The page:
BACKGROUND: A short course of systemic corticosteroids is an important therapy in the treatment of pediatric asthma exacerbations. Although a 5-day course of oral prednisone or prednisolone has become the most commonly used regimen, dexamethasone has also been used for a shorter duration (1-2 days) with potential for improvement in compliance and palatability. We reviewed the literature to determine if there is sufficient evidence that dexamethasone can be used as an effective alternative in the treatment of pediatric asthma exacerbations in the inpatient setting. METHODS: A Medline search was conducted on the use of dexamethasone in the treatment of asthma exacerbations in children. The studies selected were clinical trials comparing the efficacy of dexamethasone with prednisone. Metaanalysis was performed examining physician revisitation rates and symptomatic return to baseline. RESULTS: Six completed pediatric clinical trials met the inclusion criteria. All of the pediatric trials found that prednisone is not superior to dexamethasone in treating mild to moderate asthma exacerbations. Meta-analysis demonstrated homogeneity between the dexamethasone and prednisone groups when examining symptomatic return to baseline and unplanned physician revisits after the initial emergency department encounter. Some studies found potential additional benefits of dexamethasone, including improved compliance and less vomiting. CONCLUSIONS: The current literature suggests that dexamethasone can be used as an effective alternative to prednisone in the treatment of mild to moderate acute asthma exacerbations in children, with the added benefits of improved compliance, palatability, and cost. However, more research is needed to examine the role of dexamethasone in hospitalized children.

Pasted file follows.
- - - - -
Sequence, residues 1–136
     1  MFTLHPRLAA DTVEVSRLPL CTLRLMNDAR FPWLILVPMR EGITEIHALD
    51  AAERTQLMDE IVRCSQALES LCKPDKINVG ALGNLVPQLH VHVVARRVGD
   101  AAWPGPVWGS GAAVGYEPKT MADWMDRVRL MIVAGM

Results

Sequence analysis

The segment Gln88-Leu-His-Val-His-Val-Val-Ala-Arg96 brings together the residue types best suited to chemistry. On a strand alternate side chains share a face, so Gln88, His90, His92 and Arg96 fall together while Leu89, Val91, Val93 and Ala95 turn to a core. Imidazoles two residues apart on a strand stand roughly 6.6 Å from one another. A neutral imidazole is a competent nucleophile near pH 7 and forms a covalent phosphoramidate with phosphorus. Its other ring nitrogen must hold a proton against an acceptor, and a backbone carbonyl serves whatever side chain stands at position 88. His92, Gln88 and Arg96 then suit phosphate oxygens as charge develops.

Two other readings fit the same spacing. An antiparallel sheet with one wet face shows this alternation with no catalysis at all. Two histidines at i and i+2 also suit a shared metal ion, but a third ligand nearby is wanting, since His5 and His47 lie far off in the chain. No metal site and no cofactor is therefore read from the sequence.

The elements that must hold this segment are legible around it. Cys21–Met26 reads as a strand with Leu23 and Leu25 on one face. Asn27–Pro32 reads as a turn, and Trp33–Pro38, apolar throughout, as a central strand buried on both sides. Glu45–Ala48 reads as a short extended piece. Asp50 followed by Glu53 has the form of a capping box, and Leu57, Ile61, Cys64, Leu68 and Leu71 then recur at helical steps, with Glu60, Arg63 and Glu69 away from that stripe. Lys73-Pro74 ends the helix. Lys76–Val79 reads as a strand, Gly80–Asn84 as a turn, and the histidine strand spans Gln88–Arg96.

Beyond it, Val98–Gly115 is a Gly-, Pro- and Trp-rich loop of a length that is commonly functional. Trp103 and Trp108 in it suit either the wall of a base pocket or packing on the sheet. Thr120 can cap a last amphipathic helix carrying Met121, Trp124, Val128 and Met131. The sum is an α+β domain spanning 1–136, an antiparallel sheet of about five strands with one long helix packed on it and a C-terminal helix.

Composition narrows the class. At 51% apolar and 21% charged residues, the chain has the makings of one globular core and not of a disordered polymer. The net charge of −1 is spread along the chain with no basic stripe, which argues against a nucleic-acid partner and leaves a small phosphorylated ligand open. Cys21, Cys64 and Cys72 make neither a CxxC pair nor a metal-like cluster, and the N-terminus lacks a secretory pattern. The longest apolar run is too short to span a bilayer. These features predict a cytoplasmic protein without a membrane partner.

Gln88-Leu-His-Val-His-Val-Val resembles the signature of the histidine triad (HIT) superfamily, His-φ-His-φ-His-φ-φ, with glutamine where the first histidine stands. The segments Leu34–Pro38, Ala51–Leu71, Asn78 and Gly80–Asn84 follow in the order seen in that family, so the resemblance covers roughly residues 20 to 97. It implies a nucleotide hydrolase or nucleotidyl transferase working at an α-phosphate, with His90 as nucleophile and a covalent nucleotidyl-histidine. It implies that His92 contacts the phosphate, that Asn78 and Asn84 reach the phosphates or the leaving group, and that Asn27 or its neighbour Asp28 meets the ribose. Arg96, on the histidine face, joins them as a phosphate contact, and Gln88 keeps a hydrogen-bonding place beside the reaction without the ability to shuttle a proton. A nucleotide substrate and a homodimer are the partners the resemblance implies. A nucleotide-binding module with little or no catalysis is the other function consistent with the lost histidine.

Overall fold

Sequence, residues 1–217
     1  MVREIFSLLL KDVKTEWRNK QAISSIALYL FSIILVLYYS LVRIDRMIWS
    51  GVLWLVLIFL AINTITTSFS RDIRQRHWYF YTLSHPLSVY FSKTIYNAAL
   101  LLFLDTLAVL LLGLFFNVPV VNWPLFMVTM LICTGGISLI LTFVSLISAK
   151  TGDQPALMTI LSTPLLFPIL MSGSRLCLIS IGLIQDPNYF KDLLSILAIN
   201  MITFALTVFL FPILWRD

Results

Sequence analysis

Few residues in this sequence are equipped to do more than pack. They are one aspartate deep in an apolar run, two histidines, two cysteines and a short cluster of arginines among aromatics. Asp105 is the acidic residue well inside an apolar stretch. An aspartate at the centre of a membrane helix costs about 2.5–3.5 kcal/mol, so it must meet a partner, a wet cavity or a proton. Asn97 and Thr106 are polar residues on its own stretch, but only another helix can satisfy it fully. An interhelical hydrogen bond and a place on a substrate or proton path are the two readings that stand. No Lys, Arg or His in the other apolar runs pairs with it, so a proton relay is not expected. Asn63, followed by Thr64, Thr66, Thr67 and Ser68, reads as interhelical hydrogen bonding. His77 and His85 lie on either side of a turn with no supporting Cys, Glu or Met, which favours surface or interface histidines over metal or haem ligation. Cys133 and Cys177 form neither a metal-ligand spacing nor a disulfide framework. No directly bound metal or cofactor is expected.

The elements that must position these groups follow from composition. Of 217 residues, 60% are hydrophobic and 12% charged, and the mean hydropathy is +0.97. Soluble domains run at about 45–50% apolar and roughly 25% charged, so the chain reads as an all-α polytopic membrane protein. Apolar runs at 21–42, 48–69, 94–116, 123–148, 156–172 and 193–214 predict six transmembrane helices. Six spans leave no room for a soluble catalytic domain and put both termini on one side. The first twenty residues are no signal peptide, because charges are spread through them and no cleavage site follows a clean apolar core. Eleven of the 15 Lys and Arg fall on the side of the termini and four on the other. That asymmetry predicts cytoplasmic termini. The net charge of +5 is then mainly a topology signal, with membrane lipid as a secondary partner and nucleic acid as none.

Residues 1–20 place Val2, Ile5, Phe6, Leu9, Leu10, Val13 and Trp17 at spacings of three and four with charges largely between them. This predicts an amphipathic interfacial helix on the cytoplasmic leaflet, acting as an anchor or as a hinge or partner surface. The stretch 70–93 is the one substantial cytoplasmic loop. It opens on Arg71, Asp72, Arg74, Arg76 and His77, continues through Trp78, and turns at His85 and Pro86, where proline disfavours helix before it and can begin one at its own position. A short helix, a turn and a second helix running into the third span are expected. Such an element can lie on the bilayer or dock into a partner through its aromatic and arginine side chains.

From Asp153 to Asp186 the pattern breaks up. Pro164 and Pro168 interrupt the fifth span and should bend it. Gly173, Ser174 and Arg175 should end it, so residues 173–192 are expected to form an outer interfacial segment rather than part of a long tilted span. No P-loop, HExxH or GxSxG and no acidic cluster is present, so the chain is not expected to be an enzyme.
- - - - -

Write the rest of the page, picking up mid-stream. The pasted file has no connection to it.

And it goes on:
ASJC Scopus subject areas
- Pediatrics, Perinatology, and Child Health